1 A mote it is to trouble the mind's eye.
2 Tomorrow shall I beg leave to see your kingly eyes.
3 Look, where he has not turn'd his colour, and has tears in's eyes.
4 Good Hamlet, cast thy nighted colour off, And let thine eye look like a friend on Denmark.
5 Before my God, I might not this believe Without the sensible and true avouch Of mine own eyes.
6 If that his Majesty would aught with us, We shall express our duty in his eye; And let him know so.
7 Thou turn'st mine eyes into my very soul, And there I see such black and grained spots As will not leave their tinct.
8 Give him heedful note; For I mine eyes will rivet to his face; And after we will both our judgments join In censure of his seeming.
9 Roasted in wrath and fire, And thus o'ersized with coagulate gore, With eyes like carbuncles, the hellish Pyrrhus Old grandsire Priam seeks.
10 Therefore I have entreated him along With us to watch the minutes of this night, That if again this apparition come He may approve our eyes and speak to it.
11 That done, he lets me go, And with his head over his shoulder turn'd He seem'd to find his way without his eyes, For out o doors he went without their help, And to the last bended their light on me.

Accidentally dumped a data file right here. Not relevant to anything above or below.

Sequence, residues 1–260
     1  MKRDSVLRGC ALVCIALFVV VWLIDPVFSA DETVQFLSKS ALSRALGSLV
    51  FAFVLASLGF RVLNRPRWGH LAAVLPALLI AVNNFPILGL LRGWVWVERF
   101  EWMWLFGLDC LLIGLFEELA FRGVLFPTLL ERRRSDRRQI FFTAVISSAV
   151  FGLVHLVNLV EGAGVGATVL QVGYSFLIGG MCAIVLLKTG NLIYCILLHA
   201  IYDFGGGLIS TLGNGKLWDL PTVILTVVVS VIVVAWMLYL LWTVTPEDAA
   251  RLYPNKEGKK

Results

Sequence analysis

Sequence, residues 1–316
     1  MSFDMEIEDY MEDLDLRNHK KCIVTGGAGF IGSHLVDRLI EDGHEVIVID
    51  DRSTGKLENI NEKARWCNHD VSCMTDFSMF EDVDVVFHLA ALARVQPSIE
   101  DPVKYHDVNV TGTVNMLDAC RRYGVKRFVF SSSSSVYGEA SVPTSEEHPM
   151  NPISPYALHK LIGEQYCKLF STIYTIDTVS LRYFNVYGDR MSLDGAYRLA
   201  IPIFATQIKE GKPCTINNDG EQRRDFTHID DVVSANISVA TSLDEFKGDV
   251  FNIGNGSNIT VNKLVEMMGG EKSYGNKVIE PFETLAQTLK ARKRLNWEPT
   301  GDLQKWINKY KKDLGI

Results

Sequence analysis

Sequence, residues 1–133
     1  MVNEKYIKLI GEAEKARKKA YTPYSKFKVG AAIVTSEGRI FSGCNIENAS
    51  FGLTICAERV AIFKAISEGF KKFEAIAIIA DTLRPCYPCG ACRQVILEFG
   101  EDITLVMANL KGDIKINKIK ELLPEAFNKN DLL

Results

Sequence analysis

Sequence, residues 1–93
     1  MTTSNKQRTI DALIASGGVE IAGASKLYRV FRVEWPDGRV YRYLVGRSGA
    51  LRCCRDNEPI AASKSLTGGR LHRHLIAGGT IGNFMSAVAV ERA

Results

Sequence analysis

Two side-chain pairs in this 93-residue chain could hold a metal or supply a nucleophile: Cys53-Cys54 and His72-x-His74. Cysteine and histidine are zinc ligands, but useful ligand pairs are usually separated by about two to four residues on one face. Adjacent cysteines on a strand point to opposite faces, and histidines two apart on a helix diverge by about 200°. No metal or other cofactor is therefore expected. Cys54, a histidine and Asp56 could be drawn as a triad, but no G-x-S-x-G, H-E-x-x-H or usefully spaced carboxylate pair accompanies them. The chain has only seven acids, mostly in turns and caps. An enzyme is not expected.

12 For your intent In going back to school in Wittenberg, It is most retrograde to our desire: And we beseech you bend you to remain Here in the cheer and comfort of our eye, Our chiefest courtier, cousin, and our son.
13 For the satirical slave says here that old men have grey beards; that their faces are wrinkled; their eyes purging thick amber and plum-tree gum; and that they have a plentiful lack of wit, together with most weak hams.
14 Tis not alone my inky cloak, good mother, Nor customary suits of solemn black, Nor windy suspiration of forc'd breath, No, nor the fruitful river in the eye, Nor the dejected haviour of the visage, Together with all forms, moods, shows of grief, That can denote me truly.
15 See what a grace was seated on this brow, Hyperion's curls, the front of Jove himself, An eye like Mars, to threaten and command, A station like the herald Mercury New lighted on a heaven-kissing hill: A combination and a form indeed, Where every god did seem to set his seal, To give the world assurance of a man.
16 But that I am forbid To tell the secrets of my prison-house, I could a tale unfold whose lightest word Would harrow up thy soul; freeze thy young blood, Make thy two eyes like stars start from their spheres, Thy knotted and combined locks to part, And each particular hair to stand on end Like quills upon the fretful porcupine.
17 Therefore our sometime sister, now our queen, Th'imperial jointress to this warlike state, Have we, as 'twere with a defeated joy, With one auspicious and one dropping eye, With mirth in funeral, and with dirge in marriage, In equal scale weighing delight and dole, Taken to wife; nor have we herein barr'd Your better wisdoms, which have freely gone With this affair along.'
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